My bank (it's Westpac, one of the big ones in Australia) has some strange restrictions on passwords. They're maximum 6 characters in length and it must contain only characters A-Z and digits 0-9, and there's no case sensitivity.

I'm used to using much longer passwords or even passphrases for other online accounts, and it seems like the bank password strength is relatively weak. On the other hand, the password to my finance seems like one that should be much more important than other things such as forum logins, ebay account etc ...

So why does a major bank not let you choose a stronger password? Should I be concerned about their security?

  • 1
    Do they use other authentication factors as well, such as OTP codes, challenges, etc? Commented Oct 18, 2012 at 5:20
  • no, just customer number and password. if i make a large transaction, they send an SMS to my mobile phone where i must enter a 4 digit number to confirm the transaction.
    – wim
    Commented Oct 18, 2012 at 5:22
  • 4
    I would consider using another bank; I have to wonder if this is the way they treat passwords, what does the rest of their security implementation look like?
    – MCW
    Commented Oct 18, 2012 at 12:16
  • @MarkC.Wallace By reading their security pages I got the feeling that they're paying their customers back their stolen money instead of security. Interesting choice for a bank. Commented Oct 18, 2012 at 12:18
  • I think password entropy isn't that important for security unless it's really bad. Trojans are a much bigger threat than online brute-force attacks. Just like you're using 4 digit pins. Commented Oct 18, 2012 at 13:17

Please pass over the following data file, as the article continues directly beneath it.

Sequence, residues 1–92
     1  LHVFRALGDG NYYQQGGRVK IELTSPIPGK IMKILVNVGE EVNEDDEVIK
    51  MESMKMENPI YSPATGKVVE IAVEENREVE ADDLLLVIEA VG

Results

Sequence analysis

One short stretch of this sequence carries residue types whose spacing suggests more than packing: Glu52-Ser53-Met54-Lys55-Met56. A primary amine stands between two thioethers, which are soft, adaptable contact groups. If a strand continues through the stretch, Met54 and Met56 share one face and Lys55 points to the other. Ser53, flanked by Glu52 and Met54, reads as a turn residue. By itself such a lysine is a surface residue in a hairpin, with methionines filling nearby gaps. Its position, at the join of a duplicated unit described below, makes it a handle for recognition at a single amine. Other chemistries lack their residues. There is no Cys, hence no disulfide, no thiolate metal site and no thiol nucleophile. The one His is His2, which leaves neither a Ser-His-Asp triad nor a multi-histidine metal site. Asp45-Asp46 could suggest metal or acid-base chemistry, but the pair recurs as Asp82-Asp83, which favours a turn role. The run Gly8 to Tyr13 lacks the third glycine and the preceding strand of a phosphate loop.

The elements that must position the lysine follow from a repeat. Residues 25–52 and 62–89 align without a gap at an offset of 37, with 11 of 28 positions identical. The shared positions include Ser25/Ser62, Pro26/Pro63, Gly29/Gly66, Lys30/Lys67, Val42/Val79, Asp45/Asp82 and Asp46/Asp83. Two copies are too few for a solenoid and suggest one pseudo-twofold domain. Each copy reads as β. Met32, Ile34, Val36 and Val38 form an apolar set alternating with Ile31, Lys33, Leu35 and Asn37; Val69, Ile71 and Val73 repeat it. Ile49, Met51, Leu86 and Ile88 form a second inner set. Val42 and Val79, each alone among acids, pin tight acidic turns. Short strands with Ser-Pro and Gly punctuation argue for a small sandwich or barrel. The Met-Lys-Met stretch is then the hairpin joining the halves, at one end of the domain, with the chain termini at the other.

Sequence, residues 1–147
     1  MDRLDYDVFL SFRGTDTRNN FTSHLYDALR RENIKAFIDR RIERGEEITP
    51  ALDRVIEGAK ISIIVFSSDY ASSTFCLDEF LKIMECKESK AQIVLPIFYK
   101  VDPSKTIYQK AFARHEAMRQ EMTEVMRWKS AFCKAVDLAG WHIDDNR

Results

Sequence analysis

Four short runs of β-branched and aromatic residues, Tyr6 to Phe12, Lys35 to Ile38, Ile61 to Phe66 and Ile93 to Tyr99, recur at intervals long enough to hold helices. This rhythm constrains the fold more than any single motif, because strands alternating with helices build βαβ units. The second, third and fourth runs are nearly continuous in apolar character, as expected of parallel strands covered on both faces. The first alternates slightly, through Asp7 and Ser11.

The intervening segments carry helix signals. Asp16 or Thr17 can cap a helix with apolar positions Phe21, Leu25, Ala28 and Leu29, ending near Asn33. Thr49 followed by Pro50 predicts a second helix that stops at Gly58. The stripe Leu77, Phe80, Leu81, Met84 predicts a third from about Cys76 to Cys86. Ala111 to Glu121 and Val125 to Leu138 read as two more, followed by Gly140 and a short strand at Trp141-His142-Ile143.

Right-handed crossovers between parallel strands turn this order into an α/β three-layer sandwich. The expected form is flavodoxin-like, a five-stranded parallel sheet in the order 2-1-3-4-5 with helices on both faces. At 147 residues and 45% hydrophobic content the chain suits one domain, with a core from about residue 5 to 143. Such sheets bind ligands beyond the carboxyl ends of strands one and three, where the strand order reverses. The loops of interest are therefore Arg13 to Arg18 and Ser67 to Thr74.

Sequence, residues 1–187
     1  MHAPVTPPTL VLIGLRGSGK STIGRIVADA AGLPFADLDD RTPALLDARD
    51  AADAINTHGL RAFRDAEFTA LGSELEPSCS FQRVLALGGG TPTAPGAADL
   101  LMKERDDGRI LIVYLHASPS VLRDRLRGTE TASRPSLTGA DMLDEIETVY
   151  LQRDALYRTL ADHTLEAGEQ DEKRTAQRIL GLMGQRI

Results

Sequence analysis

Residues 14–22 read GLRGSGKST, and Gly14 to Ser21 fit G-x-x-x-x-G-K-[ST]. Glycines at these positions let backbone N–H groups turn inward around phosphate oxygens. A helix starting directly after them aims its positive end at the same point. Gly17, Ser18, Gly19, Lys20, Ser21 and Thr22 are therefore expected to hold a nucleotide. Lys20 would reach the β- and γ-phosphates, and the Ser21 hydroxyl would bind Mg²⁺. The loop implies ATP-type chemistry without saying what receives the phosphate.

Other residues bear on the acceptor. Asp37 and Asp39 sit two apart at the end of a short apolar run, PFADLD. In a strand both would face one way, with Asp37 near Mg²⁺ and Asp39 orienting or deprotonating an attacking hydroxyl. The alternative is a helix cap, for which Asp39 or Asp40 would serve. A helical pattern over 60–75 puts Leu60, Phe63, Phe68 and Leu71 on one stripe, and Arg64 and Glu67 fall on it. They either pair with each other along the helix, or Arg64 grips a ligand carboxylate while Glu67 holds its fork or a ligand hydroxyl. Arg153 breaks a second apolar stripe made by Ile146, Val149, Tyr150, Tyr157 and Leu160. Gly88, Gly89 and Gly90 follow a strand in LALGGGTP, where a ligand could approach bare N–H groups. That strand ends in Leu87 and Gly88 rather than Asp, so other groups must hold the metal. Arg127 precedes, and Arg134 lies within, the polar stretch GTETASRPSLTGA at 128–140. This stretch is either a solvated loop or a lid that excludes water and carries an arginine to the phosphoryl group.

3 Answers 3


This means they are almost definately storing passwords in plaintext in a 6-character database field. If they were only storing a (salted) hash - as they should - then they wouldn't care about the password length since the hash function would produce a value of a fixed size regardless of the length of the input (password).

Your bank is probably still using systems from the 70s (or from before the industry standardised on salted hashing) and they don't take password security seriously enough to sort this out. This is the case with a lot of banks. You should start by complaining.

  • 1
    Call them and say you've lost your password for your online account and see if they can tell you what it is. That'll let you know if they're storing it in cleartext. Either way, though, I would move to a different bank. Even if they are encrypted, if someone where to hack in and get a copy of their User database, it would literally take only 1-2 seconds with a gpu cracker to crack all the passwords, making your user account accessible to the attacker. He could then transfer all of the money out of your account.
    – Safado
    Commented Oct 18, 2012 at 15:51
  • But that is still a big if. If someone had a copy of their user database I would assume the bank already has bigger problems than password security.
    – Josh
    Commented Oct 18, 2012 at 16:17